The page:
US Retail Sales Slide in February, Suggest Slowing Economy

Retail sales in the United States slid a little in February, signaling a downshift in economic growth for the year as the $1.5 trillion tax cut stimulus and government spending boost starts to fade. The weak US Department of Commerce report, released Monday, adds to a growing roster of soft data, which includes slowing housing starts and manufacturing production. And this data has led economists to suggest a sharp downturn is looming this quarter. 

Some economists had forecast that retail sales would grow 0.3 percent, in February.  As such, analysts say the surprise sales numbers drop in February might be a result of delays in the processing of tax returns.  Of course, those who have filed and received their return already know that returns, this year, have been significantly smaller than prior years.  And, as always, cold and wet weather throughout the country could have also contributed to slowing sales.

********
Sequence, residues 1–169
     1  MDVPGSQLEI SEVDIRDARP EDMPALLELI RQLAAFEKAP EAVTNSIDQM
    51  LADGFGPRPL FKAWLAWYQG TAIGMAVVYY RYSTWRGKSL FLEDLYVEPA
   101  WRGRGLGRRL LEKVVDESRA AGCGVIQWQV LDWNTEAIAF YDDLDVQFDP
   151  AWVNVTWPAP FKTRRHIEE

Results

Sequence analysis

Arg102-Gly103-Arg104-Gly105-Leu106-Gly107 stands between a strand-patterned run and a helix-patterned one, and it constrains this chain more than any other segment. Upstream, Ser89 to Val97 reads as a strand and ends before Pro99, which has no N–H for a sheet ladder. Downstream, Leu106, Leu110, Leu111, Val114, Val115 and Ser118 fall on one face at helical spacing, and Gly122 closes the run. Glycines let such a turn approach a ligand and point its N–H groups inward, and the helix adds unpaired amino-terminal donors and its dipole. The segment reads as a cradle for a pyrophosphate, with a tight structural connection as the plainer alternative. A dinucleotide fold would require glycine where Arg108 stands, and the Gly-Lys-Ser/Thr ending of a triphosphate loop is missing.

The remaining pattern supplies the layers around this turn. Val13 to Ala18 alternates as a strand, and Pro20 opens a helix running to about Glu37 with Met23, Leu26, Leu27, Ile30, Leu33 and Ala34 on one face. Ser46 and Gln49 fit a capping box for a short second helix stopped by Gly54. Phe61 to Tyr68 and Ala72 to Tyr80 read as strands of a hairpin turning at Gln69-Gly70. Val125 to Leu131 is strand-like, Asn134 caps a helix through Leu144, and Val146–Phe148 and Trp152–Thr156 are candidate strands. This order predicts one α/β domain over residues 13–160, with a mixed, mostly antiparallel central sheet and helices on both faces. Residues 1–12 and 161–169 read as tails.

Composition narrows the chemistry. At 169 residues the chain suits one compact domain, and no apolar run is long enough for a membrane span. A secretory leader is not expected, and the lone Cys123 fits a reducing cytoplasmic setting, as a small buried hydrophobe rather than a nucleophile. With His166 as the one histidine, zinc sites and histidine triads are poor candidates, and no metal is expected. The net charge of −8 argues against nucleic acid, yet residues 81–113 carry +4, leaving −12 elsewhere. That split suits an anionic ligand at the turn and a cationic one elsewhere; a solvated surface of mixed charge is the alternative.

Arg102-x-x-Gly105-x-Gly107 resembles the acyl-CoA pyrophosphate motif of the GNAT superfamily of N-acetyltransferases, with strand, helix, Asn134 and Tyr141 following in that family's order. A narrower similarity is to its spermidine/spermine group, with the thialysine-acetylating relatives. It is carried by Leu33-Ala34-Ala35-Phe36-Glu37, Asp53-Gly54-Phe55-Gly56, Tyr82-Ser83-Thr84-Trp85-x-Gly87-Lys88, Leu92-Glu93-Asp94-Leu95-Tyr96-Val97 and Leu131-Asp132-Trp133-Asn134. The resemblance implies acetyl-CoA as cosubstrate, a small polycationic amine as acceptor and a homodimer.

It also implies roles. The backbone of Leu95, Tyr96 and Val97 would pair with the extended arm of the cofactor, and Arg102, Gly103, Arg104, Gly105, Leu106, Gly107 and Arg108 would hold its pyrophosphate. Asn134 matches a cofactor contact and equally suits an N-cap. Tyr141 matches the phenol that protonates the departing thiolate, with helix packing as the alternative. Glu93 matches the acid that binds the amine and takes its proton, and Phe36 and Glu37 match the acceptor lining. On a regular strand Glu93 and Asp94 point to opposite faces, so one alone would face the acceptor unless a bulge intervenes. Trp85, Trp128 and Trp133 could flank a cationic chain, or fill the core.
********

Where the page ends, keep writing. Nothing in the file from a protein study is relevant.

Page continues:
In addition, analysts propose the loss of momentum reflects slower global growth coupled with higher interest rates and underlined by uncertainty caused by Britain’s departure from the European Union and the US-China trade war.  Indeed, the Federal Reserve’s decision to suddenly stop its three-year campaign to restrict monetary policy, last month. 

Overall, then, the US central bank (FED) has stopped projecting interest rate hikes for the rest of the year after issuing borrowing increases fourfold over 2018. 

All that in mind, retail sales fell 0.2 percent, finding household cutbacks in just about every retail sector.  This includes not only appliances and electronics, but clothing and furniture as well; even food saw a drop.  In addition, specialty sectors like building materials and gardening equipment saw decline. This also comes with revisions on January’s data, which showed a 0.7 boost in retail sales, which is 0.5 percent higher than had been reported previously. 

It might also be worth noting that February’s retail sales report comes at a significant delay thanks to the 35-day partial federal government shutdown, which finally ended on January 25.  Actually, this has also caused a delay in March’s report, which will be released on April 18th, instead of its scheduled April 16th